Employers Should Look After Their Own in Global Assignments

Allen Smith, J.D. By Allen Smith, J.D. November 5, 2019
Employers Should Look After Their Own in Global Assignments

​How can employers make sure they get a good return on their investment and retain the employees they send on expensive global assignments? Make sure the employees working abroad know the organization cares for them and is watching out for them, said Ray S. Leki, who is with the senior executive service for the U.S. Department of State in Washington, D.C., at the Society for Human Resource Management Global Mobility and Immigration Symposium Nov. 5 in the nation's capital.

A third of the State Department's foreign service employees work at its 285 posts abroad , including 3,500 officers and 7,000 family members. The department helps about 20,000 federal employees from other departments, and their 45,000 family members, work abroad as well.

A big challenge in supporting employees abroad is helping the workers' spouses find a job. The spouse's expectations may be hard to meet in other countries, so check to see if remote work may be a possibility, Leki said.

The educational needs of workers' children may be a challenge as well, such as if a child has special needs, Leki noted. Whether a company's officials act with empathy in these challenges often is a deciding factor in whether individuals stay with the organization, he observed.

Another way a company can support employees abroad is to help them prepare well for the assignment and build resiliency. New employees may say they love learning languages and are ready to be off on the next assignment. But after the third or fourth move, employees may start asking, "Why is everything so hard?"

Most foreign-service employees have extensive language training—as much as two years of full-time language training at the diplomatic level, Leki noted. Such investment in global employees is expensive, so the department may intervene some in the employees' personal lives to help them succeed, he noted. After so many investments in these individuals, "We can't afford failure, especially in the senior ranks," he said. Sometimes the key to success, he noted, is simply treating the workers as human beings.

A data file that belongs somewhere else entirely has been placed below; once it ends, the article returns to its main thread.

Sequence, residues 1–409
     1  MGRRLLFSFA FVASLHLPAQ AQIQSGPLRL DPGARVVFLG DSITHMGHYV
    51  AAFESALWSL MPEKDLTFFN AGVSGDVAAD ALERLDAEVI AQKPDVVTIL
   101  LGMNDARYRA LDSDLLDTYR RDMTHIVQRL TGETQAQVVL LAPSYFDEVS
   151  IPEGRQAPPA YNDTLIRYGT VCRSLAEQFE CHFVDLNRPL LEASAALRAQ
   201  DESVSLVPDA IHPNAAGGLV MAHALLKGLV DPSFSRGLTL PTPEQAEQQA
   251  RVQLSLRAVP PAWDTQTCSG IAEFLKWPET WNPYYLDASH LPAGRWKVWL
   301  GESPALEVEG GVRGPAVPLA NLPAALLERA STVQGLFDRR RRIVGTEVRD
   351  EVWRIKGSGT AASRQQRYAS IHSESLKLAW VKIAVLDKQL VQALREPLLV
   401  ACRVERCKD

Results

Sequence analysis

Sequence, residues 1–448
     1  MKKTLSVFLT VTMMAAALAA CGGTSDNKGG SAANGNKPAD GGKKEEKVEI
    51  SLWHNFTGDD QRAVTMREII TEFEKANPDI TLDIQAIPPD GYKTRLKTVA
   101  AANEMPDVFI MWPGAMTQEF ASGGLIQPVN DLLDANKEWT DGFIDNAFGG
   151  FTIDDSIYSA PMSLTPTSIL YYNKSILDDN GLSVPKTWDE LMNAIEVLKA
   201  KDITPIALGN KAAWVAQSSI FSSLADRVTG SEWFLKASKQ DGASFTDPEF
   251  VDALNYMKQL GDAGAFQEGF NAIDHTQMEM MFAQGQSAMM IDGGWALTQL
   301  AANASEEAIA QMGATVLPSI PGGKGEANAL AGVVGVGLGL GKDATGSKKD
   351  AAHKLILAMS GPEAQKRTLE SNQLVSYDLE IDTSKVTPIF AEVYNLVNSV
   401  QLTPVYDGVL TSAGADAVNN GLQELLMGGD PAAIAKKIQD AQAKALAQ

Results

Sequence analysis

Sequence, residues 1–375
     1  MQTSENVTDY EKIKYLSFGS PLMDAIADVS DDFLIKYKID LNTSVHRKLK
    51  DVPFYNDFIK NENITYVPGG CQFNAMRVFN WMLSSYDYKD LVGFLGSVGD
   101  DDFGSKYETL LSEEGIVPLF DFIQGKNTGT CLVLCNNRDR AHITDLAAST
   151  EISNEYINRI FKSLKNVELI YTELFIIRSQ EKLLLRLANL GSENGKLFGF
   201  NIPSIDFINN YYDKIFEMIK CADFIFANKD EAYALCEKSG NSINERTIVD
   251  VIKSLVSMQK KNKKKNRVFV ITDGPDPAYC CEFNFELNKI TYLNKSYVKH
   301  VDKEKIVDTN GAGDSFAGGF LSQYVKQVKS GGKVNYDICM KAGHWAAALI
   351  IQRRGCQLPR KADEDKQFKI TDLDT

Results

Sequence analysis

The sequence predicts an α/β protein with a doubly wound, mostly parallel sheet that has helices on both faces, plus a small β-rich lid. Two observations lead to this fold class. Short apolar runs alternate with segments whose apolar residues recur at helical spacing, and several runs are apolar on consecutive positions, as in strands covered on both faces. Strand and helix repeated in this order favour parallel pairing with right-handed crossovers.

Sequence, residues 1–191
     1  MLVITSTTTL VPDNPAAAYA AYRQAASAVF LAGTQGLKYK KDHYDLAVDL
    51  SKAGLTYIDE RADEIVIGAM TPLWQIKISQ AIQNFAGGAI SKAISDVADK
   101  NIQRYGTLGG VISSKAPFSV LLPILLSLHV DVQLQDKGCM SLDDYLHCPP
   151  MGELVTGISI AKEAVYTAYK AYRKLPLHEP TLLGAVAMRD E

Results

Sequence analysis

Human Element in Global Programs

At BASF, leaders are expected to have spent two to three years abroad, said Marina Vassilev, director, North America, HR compensation, executive HR and mobility for BASF in New York City. The company has 1,500 global assignments a year, 400 of which are in North America. The company is headquartered in Germany. In addition to global assignments for executive candidates, there are global assignments for individuals with special skills needed around the world.

[SHRM members-only toolkit: Introduction to the Global Human Resources Discipline]

Vassilev said she focuses on "the human element and flexibility" in BASF's global programs. For too long, companies' mobility operations have focused on internal processes when what matters the most is how employees perceive the moves, she said.

Mastercard focuses on "the whole you" for each employee, which has transformed global mobility, said Melissa Myer, director of global mobility, total rewards at Mastercard in New York City. It has about 600 global moves a year. Factors that are considered include whether employees have aging parents, babies or pets, she said.

Making a Connection

Edna Diez, director for performance, careers and learning for the World Bank in Washington, D.C., said that the bank wants to attract the right talent where they are needed the most in its more than 100 offices around the globe. While 55 percent of the World Bank's staff is in Washington, D.C., global assignments are critical to career development at the organization, she said.

One challenge she faces is deploying workers to countries that are in economic or social unrest and taking care of the employees as well as their families. She strives not to put women and individuals with same-sex partners at a disadvantage in their assignments.

"Talent is our biggest asset," she said. It's critically important to ensure employees are finding the "right careers and feel connected" around the globe.


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